For Mars, Venus, and other planetary environments that have atmospheres, the atmosphere itself can provide a feedstock for in-situ resource utilization (ISRU). Both atmospheres have a mix of…

A Roadmap to Colonizing Venus – M0aking Concrete, Plastics, Water, Fuel and Cooking Food
Brian Wang | Next Big Future

Selenian Boondocks had developed a roadmap for the phases for proving out ISRU Venus Resources.

Phase 0–Terrestrial Analog ISRU Prototyping: This is where we’re at now. As far as I know there has been almost no experimental development of the sort that some of our commenter have suggested which would use simulated Venusian atmosphere to attempt various approaches for extracting the different constituents for further processing. .

Phase 1–Venus In-Situ Demonstration: The first real Venus ISRU development phase will likely be in the form of small experiments mounted on robotic atmospheric balloons. We’re likely talking about…

NASA Finds Friction from Tides Could Help Distant Earths Survive, and Thrive
Brian Wang | Next Big Future

Computer modeling by NASA scientists shows that friction could be the key to survival for some distant Earth-sized planets traveling in dangerous orbits.

The findings are consistent with observations that Earth-sized planets appear to be very common in other star systems. Although heat can be a destructive force for some planets, the right amount of friction, and therefore heat, can be helpful and perhaps create conditions for habitability.

“We found some unexpected good news for planets in vulnerable orbits,” said Wade Henning, a University of Maryland scientist working at NASA’s…

What Lies Within an Asteroid
Alan Versfeld | Urban Astronomer

A novel study of navigational data from the Hayabusa asteroid sample return mission has revealed a surprising complexity in asteroid Itokawa’s internal structure.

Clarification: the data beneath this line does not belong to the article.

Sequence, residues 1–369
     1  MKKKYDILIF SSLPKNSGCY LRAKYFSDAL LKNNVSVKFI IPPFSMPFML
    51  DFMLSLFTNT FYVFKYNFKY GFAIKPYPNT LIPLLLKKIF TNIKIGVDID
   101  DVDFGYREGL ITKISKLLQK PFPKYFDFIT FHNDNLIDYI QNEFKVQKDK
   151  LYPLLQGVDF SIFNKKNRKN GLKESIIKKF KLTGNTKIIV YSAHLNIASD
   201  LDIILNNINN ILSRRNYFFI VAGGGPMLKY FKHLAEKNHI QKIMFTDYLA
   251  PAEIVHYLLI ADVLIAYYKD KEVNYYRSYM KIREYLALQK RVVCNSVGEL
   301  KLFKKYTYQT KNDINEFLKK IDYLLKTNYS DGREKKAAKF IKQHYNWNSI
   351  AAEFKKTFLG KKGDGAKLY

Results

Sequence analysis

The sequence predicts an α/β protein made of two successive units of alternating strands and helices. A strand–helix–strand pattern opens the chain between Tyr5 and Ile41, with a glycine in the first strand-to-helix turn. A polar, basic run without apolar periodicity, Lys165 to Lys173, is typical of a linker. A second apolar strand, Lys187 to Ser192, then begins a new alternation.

Distributed Rocket Science is a Thing Now
Mika McKinnon | i09 Space

The ISEE-3 reboot project ran into a problem, so asked the internet for help. Within two hours, experts had emerged with just the right pieces of esoteric knowledge.

Declassified Memos Debate Naming the Shuttle “Enterprise”
Mika McKinnon | i09

NASA and Star Trek have a long and positive history together. But the decision to name the original test space shuttle “Enterprise” was a long debate, revealed in these recently-declassified memos.

Titan’s Hidden Ocean Might be as Salty as the Dead Sea
Paul Scott Anderson | The Meridiani Journal

Saturn’s moon Titan is known for its methane seas, lakes, and rivers; surprisingly Earth-like in appearance yet distinctly alien at the same time. But there is also evidence for another ocean, this one of water, below the surface. Little is known about this hidden watery world, but now new results suggest it is likely very salty – as much as the Dead Sea on Earth.

The new results come from the study of data sent back by the Cassini spacecraft, which is still orbiting Saturn. They were published last week in the journal Icarus. Cassini obtained new information about Titan’s interior using gravity and…

New Study Shows How Salts Could Make Liquid Water on Mars
Paul Scott Anderson | The Meridiani Journal

The search for evidence of water on Mars, past or present, has been one of the driving forces behind the exploration of the Red Planet for several decades now. While orbiters, landers, and rovers have all found abundant evidence for a lot of water in Mars’ ancient history, the question of whether there could still be any of the wet stuff existing today is still open and unanswered. There are hints, but proof is still elusive. Now, a new study provides…

We’ll watch for stragglers for you so do visit again before CoS #363 on Friday July 18th hosted by Chandra X-Ray.